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Beat the Odds: Surviving colon cancer

6:11 PM, Mar 19, 2013   |    comments
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Colon polyp from virtual colonoscopy scan and conventional colonoscopy method. (AP image)

CALEDONIA, Mich. (WZZM) - When it comes to cancer screenings, a colonoscopy is probably the one most people avoid. But it can save your life.

The process isn't fun and takes a bit of recovery time, but having a colonoscopy can actually prevent colon cancer from developing.

Kristi Russo doesn't have a family history of colon cancer and she never had a colonoscopy. Her first symptom that something was wrong was a sharp, unbearable pain in her side.

When her doctor said he wanted to perform a colonoscopy, Kristi knew she had colon cancer. "He said let's do an endoscopy... And we'll do a colonoscopy too, and I said 'whoa that's it, that's what I got.' As soon as he said that word, I'm thinking, that's what it is, it's colon cancer," recalls Russo.

In March 2009 Kristi's colonoscopy confirmed she had stage three colon cancer.

"I said so, can you fix it? And they said yes. And I said am I going to die? And they said no. I just made a decision right from the beginning that I was going to beat it. And there was no way I was going to leave four boys without their mother. I started chemo and then every day I had radiation," says Russo.

When Kristi's tumor shrank, she had surgery to remove a section of her colon.

"The biggest kicker is typically finding it," says Dr. Nadab Dujovny, didn't treat Kristi but is a colorectal surgeon with Spectrum Health. He says a case like Kristi's is not uncommon. "A lot of people when they present really have no symptoms and that's a problem, that's why we recommend screening at a certain age."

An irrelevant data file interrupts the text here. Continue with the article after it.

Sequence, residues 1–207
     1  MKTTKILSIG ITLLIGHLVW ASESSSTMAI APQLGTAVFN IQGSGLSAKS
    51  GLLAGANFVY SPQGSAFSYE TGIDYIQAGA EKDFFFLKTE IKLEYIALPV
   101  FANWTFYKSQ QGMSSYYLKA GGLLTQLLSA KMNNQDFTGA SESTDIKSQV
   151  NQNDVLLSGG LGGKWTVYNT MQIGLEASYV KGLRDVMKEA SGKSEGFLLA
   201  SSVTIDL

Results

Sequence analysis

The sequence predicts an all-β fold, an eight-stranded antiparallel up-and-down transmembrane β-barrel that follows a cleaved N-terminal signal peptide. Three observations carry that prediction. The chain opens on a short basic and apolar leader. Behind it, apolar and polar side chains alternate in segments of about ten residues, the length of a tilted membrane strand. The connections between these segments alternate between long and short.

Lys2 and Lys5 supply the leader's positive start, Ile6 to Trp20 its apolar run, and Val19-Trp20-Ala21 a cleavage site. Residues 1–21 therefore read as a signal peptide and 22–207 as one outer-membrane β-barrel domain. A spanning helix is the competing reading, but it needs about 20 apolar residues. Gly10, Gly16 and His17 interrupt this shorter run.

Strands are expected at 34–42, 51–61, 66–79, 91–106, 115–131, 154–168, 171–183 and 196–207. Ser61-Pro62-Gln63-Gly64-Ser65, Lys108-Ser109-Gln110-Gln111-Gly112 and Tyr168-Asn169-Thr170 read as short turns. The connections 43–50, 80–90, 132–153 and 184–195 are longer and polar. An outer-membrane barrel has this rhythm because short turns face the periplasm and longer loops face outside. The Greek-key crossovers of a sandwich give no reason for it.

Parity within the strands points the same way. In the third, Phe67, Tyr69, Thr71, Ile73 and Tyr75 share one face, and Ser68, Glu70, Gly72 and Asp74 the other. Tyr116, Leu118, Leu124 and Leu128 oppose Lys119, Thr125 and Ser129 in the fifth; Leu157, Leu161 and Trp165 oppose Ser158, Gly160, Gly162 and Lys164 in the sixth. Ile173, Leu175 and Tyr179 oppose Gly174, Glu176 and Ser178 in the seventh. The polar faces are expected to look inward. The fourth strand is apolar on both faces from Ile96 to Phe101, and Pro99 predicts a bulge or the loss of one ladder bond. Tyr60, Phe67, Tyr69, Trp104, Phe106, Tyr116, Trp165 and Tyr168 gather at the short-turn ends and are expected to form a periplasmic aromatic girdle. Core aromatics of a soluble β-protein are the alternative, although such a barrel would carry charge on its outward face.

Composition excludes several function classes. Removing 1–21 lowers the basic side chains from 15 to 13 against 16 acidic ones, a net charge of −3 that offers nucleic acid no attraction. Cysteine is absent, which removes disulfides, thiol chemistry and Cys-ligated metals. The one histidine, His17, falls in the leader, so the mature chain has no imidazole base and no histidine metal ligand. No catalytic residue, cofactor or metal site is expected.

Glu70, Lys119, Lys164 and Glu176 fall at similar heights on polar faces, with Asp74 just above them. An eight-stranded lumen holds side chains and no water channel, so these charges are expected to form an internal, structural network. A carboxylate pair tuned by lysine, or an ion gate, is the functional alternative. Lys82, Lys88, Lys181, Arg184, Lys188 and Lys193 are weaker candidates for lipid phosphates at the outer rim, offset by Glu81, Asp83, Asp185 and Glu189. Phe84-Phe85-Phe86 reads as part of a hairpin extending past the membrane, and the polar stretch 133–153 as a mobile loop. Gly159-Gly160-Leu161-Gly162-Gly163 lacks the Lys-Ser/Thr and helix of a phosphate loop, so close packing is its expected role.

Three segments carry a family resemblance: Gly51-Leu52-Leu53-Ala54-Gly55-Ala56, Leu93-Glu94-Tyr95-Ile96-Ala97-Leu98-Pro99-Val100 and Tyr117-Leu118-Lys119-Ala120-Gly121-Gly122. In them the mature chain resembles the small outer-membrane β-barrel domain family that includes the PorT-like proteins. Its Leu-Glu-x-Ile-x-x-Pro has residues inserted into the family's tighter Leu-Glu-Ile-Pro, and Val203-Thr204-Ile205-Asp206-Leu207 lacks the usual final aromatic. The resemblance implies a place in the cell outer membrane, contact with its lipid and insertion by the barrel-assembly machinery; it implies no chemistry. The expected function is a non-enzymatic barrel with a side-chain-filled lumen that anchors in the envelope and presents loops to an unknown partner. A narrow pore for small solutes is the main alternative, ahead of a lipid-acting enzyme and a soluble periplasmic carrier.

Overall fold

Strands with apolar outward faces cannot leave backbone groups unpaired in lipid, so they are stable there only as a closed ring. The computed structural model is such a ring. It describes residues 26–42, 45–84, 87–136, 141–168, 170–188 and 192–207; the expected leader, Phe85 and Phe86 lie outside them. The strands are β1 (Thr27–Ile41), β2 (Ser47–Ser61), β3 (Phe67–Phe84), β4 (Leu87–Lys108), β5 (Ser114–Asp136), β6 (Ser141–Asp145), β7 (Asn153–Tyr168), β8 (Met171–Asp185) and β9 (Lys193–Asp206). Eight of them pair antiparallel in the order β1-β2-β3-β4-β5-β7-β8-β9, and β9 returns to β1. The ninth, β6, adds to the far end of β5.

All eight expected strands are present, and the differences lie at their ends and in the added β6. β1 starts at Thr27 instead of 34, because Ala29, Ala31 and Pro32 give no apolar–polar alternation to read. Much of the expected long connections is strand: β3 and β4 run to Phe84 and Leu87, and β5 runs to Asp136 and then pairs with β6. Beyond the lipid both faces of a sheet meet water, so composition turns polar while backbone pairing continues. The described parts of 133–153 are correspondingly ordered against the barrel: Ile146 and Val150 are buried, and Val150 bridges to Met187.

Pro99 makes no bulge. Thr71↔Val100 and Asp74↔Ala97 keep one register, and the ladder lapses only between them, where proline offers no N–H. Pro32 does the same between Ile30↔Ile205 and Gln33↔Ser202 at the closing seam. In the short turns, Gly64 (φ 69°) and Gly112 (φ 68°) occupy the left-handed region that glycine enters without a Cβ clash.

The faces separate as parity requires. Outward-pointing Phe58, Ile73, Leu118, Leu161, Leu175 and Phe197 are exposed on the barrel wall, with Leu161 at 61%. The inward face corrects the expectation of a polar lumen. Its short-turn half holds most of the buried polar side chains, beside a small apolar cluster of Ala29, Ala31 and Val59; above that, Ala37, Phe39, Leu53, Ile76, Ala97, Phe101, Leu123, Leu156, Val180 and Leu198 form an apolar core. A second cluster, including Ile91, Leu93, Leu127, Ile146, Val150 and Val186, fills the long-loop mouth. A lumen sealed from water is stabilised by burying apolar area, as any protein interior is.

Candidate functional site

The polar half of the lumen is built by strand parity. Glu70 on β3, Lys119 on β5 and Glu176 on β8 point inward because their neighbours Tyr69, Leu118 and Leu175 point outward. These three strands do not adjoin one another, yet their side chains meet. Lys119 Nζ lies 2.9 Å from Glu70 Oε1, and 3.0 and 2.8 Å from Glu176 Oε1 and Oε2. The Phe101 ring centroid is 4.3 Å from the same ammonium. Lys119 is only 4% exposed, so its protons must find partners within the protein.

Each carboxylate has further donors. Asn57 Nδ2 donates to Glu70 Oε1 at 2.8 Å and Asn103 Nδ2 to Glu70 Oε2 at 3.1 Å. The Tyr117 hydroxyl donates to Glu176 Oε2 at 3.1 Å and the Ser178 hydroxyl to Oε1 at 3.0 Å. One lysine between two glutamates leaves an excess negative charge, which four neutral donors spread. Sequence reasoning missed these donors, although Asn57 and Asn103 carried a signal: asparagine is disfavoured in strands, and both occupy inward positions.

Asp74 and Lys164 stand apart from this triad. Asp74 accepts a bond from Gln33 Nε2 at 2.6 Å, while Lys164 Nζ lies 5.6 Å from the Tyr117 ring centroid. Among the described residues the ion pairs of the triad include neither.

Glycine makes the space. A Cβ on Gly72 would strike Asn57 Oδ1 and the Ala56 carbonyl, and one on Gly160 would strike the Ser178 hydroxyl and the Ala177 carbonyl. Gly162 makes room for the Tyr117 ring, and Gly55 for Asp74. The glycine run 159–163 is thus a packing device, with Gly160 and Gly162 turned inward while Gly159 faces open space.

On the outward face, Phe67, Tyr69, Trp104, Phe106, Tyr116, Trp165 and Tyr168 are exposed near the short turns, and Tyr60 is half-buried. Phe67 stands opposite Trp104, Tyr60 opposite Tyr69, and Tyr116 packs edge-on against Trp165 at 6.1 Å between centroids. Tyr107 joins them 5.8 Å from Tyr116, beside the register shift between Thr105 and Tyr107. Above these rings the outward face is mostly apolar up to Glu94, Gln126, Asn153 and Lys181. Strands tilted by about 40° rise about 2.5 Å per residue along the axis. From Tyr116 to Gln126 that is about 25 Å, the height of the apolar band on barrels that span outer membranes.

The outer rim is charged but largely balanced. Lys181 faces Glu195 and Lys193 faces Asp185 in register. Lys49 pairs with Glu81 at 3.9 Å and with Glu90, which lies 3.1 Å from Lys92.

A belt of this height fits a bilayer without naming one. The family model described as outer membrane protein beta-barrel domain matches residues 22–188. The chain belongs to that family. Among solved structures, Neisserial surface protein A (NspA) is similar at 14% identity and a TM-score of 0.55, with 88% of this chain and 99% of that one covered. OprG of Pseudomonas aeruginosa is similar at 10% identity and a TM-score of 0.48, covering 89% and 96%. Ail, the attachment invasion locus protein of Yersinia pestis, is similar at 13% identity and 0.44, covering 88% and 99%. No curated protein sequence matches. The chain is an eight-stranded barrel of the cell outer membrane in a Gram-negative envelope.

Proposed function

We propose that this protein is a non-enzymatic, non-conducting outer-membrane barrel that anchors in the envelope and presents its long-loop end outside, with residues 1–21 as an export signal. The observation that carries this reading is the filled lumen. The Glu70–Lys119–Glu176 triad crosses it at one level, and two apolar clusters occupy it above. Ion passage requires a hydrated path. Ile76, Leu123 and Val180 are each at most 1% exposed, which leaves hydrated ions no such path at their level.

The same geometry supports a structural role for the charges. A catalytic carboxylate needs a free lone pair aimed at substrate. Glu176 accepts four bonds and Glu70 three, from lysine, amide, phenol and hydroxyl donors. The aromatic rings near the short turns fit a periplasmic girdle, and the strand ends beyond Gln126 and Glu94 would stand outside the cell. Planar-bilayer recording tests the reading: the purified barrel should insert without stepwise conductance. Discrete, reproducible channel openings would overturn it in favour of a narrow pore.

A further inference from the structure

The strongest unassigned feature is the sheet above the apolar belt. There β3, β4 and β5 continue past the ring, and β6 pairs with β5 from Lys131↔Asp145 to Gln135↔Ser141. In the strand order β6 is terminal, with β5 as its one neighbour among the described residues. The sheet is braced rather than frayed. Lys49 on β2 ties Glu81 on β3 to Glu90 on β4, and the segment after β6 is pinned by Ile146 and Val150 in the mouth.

If you have no family history of colon cancer you should get your first colonoscopy at age 50. If you have a history, or for African American men who are at higher risk, the first screening should be at age 45.

Dr. Dujovny says colon cancer is one of the most preventable and curable cancers. "The greatest advancement is the early detection. Say you have a polyp, typically it takes a one centimeter polyp anywhere from six to nine years to actually become a cancer. That's why if you have a normal colonoscopy, I'll see you in ten years if there is no other risk factor."

90% of colon cancer has a five year survival rate, however, the more advanced the cancer, the lower your chances of surviving.

Having a colonoscopy can give you a 98% chance of never developing colon cancer according to the American Cancer Society.

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